Coal terminal environmental meeting in Bellingham likely to draw huge crowd

THE BELLINGHAM HERALDOctober 24, 2012 

BELLINGHAM - Backers and opponents of the Gateway Pacific Terminal coal export pier are trying to rally their faithful for Saturday's public meeting on the project, even though the government agencies convening the meeting insist that gauging public sentiment is not the point.

The meeting - scheduled for 11 a.m. to 3 p.m. Saturday, Oct. 27, at Squalicum High School - is formally known as a "scoping meeting." Its purpose is to collect public comment on what environmental and economic impacts of the Gateway Pacific project ought to be evaluated during the preparation of an environmental impact statement, which could take two years.

People who oppose the project want the environmental study to include a wide range of possible ills, including increased rail traffic, global climate change, harm to fisheries, and potential negative impacts on tourism.

Proponents say it would be unfair to define the project's impact in such broad terms. They also want to make sure that the economic benefits of jobs and tax revenues are given full credit.

The terminal proposed by SSA Marine of Seattle could be operating by 2017 if it wins regulatory approval. It could export 54 million tons of bulk commodities a year, including 48 million tons of coal, to markets in Asia.

Backers say it would generate millions in tax revenue, thousands of short-term construction jobs and more than 1,000 direct and indirect permanent jobs.

Tyler Schroeder, planning manager with the Whatcom County Planning Department, said people need not attend the meeting to be heard on those issues. Thousands of comments already have been offered via email, and those comments receive just as much weight as anything that will be said in front of a microphone.

Schroeder said the county and other agencies involved - Washington Department of Ecology and U.S. Army Corps of Engineers - are aware that many people want to have that public testimony experience, and there should be time for about 200 people to do so during the four-hour session. There will be two public comment areas: the 1,000-seat gym and a 400-seat auditorium. With comments limited to two minutes, organizers expect about 100 people will be able to testify at both those venues.

Interested people also will have the option of offering spoken comment in a smaller room with no audience, where three stations will be set up to record their comments, also subject to a two-minute limit. There will also be an area where people can write and submit comments.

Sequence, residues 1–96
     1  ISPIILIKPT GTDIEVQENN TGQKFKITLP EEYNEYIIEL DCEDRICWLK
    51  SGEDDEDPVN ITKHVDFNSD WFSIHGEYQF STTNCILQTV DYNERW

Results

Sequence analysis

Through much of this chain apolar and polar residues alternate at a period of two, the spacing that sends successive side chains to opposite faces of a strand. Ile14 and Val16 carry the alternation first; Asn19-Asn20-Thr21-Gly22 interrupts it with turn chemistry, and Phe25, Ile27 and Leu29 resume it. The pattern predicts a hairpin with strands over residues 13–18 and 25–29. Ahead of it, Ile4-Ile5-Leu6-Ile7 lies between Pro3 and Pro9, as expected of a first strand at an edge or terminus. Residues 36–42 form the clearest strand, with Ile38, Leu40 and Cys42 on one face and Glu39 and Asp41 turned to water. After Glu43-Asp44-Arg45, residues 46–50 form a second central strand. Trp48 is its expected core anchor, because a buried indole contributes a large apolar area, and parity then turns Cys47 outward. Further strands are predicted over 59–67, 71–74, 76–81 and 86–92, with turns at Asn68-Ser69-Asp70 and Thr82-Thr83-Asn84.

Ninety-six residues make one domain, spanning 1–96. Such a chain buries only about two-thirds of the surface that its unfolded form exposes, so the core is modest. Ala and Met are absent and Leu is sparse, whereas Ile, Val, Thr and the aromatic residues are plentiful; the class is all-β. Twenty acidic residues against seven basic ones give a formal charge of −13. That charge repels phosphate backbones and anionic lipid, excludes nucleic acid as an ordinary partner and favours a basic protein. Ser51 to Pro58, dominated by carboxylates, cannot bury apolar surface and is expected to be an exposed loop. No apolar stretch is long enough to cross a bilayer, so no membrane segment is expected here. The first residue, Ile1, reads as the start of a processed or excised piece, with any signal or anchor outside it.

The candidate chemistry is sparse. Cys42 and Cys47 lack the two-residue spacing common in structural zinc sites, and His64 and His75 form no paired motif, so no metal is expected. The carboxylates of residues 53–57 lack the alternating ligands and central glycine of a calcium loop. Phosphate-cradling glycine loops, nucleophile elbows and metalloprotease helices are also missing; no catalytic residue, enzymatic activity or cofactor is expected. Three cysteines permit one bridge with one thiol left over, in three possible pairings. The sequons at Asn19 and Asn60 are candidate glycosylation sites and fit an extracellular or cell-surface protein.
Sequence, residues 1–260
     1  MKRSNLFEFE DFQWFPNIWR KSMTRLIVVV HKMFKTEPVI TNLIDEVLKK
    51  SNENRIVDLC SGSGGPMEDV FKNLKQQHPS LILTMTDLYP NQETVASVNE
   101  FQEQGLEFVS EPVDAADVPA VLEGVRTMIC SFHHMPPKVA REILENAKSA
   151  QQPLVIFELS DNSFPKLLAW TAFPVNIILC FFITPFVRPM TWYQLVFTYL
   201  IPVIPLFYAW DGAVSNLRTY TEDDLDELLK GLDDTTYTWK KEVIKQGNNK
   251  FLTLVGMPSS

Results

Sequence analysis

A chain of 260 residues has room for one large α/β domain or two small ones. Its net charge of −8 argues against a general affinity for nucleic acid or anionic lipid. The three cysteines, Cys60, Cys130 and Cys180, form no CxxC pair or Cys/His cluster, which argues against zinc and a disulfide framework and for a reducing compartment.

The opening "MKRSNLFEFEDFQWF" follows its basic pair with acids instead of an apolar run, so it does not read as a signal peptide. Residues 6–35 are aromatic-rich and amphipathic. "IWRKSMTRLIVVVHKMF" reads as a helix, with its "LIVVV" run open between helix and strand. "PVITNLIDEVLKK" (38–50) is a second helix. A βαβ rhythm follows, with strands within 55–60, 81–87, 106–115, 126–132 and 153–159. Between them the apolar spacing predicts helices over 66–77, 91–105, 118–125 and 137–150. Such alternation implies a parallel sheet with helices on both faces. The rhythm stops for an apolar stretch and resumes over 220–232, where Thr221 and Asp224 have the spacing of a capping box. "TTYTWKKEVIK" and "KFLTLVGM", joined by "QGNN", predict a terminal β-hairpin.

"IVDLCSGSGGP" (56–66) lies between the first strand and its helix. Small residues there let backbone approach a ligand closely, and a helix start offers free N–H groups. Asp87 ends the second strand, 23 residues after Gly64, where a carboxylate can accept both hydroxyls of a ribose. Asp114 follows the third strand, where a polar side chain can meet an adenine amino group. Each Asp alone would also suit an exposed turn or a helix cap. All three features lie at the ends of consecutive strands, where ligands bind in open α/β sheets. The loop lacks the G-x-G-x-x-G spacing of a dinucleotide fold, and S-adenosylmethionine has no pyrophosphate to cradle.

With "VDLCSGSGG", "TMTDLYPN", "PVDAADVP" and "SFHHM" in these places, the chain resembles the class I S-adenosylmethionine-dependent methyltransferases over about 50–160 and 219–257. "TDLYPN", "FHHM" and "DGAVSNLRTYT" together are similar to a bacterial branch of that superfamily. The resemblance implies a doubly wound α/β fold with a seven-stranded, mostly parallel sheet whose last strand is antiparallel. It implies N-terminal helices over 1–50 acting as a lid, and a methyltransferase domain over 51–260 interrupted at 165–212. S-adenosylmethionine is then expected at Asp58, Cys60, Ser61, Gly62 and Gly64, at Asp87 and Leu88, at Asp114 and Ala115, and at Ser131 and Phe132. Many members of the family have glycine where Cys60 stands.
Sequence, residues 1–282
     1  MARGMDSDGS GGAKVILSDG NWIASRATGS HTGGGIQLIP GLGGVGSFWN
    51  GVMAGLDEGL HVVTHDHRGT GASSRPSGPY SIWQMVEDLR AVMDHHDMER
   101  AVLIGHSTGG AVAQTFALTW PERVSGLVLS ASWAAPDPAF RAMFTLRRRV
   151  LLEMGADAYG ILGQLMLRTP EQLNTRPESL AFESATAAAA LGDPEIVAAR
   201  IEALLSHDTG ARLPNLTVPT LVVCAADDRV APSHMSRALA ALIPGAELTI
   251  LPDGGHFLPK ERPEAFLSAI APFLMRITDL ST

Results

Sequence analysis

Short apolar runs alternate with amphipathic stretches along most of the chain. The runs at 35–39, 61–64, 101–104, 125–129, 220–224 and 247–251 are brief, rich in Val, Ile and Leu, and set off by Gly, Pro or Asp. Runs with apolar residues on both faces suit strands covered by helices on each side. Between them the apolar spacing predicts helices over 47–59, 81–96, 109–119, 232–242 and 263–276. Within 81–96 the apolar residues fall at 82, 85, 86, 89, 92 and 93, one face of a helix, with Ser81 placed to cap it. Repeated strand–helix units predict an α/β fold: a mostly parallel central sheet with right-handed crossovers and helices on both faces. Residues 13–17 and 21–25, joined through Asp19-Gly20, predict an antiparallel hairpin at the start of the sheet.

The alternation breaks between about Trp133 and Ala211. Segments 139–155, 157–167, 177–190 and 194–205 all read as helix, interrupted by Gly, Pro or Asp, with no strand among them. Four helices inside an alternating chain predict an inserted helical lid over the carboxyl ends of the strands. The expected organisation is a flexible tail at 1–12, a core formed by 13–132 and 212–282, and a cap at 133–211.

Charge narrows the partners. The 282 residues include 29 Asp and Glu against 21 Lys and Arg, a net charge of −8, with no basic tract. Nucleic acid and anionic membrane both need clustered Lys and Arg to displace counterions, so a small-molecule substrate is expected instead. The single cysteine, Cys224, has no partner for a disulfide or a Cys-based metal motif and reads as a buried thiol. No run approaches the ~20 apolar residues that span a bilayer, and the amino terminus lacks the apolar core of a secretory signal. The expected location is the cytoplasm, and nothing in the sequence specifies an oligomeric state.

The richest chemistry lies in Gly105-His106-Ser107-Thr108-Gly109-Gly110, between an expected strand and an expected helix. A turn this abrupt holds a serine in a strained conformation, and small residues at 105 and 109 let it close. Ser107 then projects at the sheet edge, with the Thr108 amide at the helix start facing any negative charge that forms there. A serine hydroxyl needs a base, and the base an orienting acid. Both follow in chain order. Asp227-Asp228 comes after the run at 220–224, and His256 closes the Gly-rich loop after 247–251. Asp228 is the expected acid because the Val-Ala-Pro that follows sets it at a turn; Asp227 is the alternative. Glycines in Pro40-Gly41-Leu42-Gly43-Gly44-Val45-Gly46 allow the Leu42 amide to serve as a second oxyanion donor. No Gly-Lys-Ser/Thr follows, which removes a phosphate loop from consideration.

Agency staffers also will be on hand to answer questions.

Some time after the series of seven scoping meetings conclude with a final Dec. 12 session in Vancouver, Wash., Schroeder said the agencies will issue a public report that will spell out the agencies' decision on key scoping questions. There won't be any opportunity for additional comment on scoping issues at that point.

But Schroeder noted there will be more opportunities for written and spoken public testimony once the draft environmental impact statement is released. People will be able to re-argue scoping questions at that point if they choose, and can challenge the validity of the document's findings, including the key question of how the project proponents could take steps to compensate for economic and environmental damage their project has been found to cause.

The agencies overseeing the process will have to respond to those comments in the final document, and could decide to add issues to the study's scope if a strong enough case can be made for doing so.

Then - assuming SSA Marine presses ahead to seek permits from Whatcom County - there would be more public hearings before the County Council, Schroeder said.

Matt Krogh, a coal export opponent who tracks the issue for RE Sources for Sustainable Communities, said it's important for Saturday's meeting to have a big turnout.

"Hearing from each other, hearing from citizens who have very real concerns, is an important step," he said.

Shannon Wright, executive director of Communitywise Bellingham, said it was too bad that only 200 people will have a chance to speak at Saturday's meeting, even though they can still offer written comment.

"I think for many people there is a value in being able to offer a verbal comment," Wright said. "It feels more substantial. ... There is also a feeling of having fully participated."

Schroeder said he's doing his best to get through the thousands of written comments already submitted, and promised to give them equal weight with verbal testimony.

"We want to make sure we hear from as many people as we can," he said. "Some people don't want to speak publicly. ... At the end of the (process), I will absolutely know each issue surrounding it."

TAKE OUR POLL

GO TO A MEETING

Two of seven "scoping meetings" for Gateway Pacific Terminal will be in Whatcom County:

- 11 a.m. to 3 p.m. Saturday, Oct. 27, at Squalicum High School, 3773 E. McLeod Road, Bellingham.

- 3 to 7 p.m. Nov. 29 at Ferndale Events Center, 5715 Barrett Road.

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Reach JOHN STARK at john.stark@bellinghamherald.com or call 715-2274.

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